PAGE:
Chef Jose Avila serves up a plate of traditional Mexican insects with a modern twist at La Diabla on Monday, March 13, 2023. (Photo by AAron Ontiveroz/The Denver Post)
Growing up in Mexico City, it was common for Jose Avila to snack on the edible bugs at the markets around town with his grandma and mom after school.
So, the James Beard-nominated chef didn’t think it would be odd to ship 22 pounds of dried crickets, Chicatana ants, escamoles, scorpions, stink bugs and maguey worms in thermic boxes with iced gel packs from his hometown to Denver, where he’d planned to host a Festival de Bichos (Bug Festival) at his downtown restaurant, La Diabla Pozolería y Mezcalería, earlier this month.
But U.S. Customs and Border Protection had other plans.
“The bugs ended up getting stuck in Customs for three days,” Avila said. “All I was told was that they were sent to the lab, but I think they just wanted to make sure the bugs were actually bugs and not something else.”
Luckily, for all the adventurous foodies or history lovers who want to eat like the Aztecs and other ancient indigenous people of Mexico, Avila was able to secure the edible insects from the customs division last week. Although, it was a quick moment of panic, “because these bugs aren’t cheap; some of them can go up to $150 per pound,” he said.
The Festival de Bichos will now take place from Wednesday, March 15 to Sunday, March 19, and guests can try a $66.60 sampler platter of roasted crickets, Chicatana ants, escamoles (edible ant or fly larvae known as Mexican caviar), scorpions, small stink bugs and red maguey worms. Avila will also incorporate the insects into a special menu with tacos with buttered escamoles, salsa verde, and serrano peppers; maguey worm tostadas with huitlacoche and avocado; and scorpion tamales with pineapple and chocolate.
“This is the type of food I love to cook, you know, like pozole,” Avila said. “A lot of people have no idea what it is, let alone with different flavors, or the whole-animal barbacoa. So in a way, I want to introduce people to new foods, like Yucatan foods.”
Chef Jose Avila is serving a plate of tradition Mexican insects with a modern twist, including crickets (top), ants (at right), larvae (bottom) and worms (left), at La Diabla on Monday, March 13, 2023. (Photo by AAron Ontiveroz/The Denver Post)
Chef Jose Avila cooks up chili paste to be served with traditional Mexican insect dishes at La Diabla on Monday, March 13, 2023. (Photo by AAron Ontiveroz/The Denver Post)
An ant is placed on the plate as part of a Salsa de Chicatana dish at La Diabla on Monday, March 13, 2023. (Photo by AAron Ontiveroz/The Denver Post)
Chef Jose Avila serves up toasted red worms as part of the Tostada de Chinicuiles dish at La Diabla on Monday, March 13, 2023. (Photo by AAron Ontiveroz/The Denver Post)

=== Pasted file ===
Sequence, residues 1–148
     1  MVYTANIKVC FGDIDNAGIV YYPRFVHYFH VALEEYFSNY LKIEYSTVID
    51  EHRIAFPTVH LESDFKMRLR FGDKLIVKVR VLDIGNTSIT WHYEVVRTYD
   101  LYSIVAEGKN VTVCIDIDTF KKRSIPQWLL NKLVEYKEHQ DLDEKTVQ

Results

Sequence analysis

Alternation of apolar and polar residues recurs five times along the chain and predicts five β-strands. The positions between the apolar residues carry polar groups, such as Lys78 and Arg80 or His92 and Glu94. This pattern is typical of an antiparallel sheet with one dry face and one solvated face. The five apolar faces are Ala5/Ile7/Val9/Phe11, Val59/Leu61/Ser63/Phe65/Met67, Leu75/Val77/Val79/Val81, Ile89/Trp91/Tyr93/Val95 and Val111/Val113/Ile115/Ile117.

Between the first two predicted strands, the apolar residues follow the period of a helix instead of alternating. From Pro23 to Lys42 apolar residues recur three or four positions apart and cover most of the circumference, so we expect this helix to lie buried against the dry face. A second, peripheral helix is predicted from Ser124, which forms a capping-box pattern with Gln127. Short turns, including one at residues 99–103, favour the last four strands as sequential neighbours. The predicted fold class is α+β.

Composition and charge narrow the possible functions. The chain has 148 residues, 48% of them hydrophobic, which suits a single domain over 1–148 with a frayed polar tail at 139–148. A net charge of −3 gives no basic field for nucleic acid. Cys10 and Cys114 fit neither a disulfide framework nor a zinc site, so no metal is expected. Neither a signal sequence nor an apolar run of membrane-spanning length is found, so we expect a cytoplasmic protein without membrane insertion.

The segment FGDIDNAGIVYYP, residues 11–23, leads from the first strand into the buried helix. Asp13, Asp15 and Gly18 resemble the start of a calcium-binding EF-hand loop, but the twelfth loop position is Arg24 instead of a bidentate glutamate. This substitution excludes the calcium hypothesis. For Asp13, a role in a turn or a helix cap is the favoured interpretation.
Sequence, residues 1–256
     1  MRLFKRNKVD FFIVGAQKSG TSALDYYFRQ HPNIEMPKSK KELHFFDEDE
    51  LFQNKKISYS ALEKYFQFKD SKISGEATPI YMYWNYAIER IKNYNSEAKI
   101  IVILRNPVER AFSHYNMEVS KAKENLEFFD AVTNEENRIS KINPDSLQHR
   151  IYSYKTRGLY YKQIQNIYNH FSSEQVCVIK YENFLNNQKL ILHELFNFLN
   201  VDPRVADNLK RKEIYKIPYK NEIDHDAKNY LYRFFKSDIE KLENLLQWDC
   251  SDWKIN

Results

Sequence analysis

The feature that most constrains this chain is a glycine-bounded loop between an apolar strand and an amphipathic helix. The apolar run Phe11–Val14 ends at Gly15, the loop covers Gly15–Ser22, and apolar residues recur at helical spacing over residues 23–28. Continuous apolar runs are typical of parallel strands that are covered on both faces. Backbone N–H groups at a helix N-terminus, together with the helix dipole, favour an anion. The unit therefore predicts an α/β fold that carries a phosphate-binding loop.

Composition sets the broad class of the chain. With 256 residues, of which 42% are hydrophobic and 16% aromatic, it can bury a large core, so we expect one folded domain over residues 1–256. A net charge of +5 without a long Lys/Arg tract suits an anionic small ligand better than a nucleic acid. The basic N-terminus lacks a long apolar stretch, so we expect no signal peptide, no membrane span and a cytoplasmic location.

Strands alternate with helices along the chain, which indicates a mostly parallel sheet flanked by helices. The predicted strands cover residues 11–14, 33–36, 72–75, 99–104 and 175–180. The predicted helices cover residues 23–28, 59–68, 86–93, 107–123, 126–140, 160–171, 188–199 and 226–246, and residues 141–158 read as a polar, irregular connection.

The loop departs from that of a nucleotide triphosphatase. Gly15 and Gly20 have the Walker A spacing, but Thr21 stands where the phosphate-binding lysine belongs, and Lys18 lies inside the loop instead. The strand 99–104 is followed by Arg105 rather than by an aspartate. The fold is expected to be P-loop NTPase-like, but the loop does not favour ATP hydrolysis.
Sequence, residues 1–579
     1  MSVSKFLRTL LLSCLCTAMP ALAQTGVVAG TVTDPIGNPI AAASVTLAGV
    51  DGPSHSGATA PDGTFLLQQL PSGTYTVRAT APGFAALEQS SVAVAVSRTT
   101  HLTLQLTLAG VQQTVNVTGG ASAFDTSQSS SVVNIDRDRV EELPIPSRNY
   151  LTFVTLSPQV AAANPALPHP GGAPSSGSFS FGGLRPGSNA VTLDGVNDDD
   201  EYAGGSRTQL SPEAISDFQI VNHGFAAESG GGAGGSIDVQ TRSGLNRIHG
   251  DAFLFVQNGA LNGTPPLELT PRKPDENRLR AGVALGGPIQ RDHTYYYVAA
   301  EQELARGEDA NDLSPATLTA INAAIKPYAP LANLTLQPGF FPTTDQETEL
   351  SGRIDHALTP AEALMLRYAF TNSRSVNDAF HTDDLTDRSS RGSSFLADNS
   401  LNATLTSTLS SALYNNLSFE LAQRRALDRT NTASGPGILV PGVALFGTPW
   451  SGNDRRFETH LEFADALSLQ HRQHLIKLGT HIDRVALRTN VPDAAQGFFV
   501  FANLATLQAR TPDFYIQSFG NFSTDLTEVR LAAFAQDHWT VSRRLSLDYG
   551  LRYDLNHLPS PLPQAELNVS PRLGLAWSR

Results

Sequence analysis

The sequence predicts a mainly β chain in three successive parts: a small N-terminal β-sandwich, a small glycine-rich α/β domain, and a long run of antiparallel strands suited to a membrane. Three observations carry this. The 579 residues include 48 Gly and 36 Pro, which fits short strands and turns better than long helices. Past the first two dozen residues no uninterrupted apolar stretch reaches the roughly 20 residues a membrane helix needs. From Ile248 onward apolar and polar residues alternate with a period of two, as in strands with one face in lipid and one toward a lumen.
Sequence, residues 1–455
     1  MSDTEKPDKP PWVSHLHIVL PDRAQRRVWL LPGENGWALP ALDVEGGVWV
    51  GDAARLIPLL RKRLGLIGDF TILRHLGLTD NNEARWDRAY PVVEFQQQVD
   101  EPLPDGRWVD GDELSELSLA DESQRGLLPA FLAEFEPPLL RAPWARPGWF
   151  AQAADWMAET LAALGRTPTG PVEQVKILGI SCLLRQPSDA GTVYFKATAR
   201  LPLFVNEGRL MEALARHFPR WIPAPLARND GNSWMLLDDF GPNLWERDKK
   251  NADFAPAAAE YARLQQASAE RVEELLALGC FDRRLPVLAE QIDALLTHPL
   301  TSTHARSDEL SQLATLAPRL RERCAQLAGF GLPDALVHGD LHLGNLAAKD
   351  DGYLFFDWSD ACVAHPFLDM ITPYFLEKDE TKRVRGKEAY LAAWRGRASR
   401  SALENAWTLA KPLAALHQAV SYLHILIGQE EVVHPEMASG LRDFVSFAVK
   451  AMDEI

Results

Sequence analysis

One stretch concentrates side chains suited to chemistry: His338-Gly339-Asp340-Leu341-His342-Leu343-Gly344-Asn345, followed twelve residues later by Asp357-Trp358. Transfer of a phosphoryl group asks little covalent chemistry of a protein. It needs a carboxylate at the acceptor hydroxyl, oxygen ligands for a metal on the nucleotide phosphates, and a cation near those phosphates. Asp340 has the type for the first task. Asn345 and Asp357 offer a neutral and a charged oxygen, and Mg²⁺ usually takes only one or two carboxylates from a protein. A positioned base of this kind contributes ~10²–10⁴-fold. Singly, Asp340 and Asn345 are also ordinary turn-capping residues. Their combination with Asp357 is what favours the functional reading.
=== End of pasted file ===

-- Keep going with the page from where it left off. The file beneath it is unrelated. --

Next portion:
Roasted bone marrow with esquites, or crickets, is served with roasted garlic chapulines at La Diabla on Monday, March 13, 2023. (Photo by AAron Ontiveroz/The Denver Post)
Chef Jose Avila plates buttered escamoles, or insect caviar, as part of a traditional Mexican insect dish to be served at La Diabla on Monday, March 13, 2023. (Photo by AAron Ontiveroz/The Denver Post)
Eating insects has been a tradition in Mexico for thousands of years, dating back to the Aztecs, who saw them as a vital source of protein. Mexico City hosts its own annual edible insect festival, where restaurants highlight grasshoppers, crickets, worms and escamoles on their menus.
That was part of the inspiration for Festival de Bichos at La Diabla, 2233 Larimer St., which opened in 2021, was named as one of Bon Appétit’s 50 best new restaurants in 2022.
“We can’t let these traditions and recipes get lost,” Avila said. “It’s part of my job and purpose to keep these traditions alive.”
But Avila also got a lot of feedback earlier this year when he posted a photo of a cricket taco on Instagram, which received 700 likes and 100 comments from people, some of whom were interested in trying it and others who were disgusted. Avila had added the taco to the menu as a way to slowly introduce the Mexican tradition and to see what the reaction was.
“People were going at it in the comments, but a majority of them were defending the bugs,” Avila said. “Some people thought we were trying to start a trend of eating bugs. It was insane, but regardless of what they were saying, it was clear to me how naive people still are as far as these types of foods that have been among us for thousands and thousands of years. So the festival is my way of educating people, and I hope to do it every year now.”
And if Avila doesn’t sell out of his 20 pounds of edible insects, he plans to add the festival items to La Diabla’s usual menu until they are all gone.
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News Source: https://www.denverpost.com/2023/03/15/la-diabla-pozoleria-denver-bichos-cricket-tacos-ant-gorditas-edible-bugs-insects-festival/amp/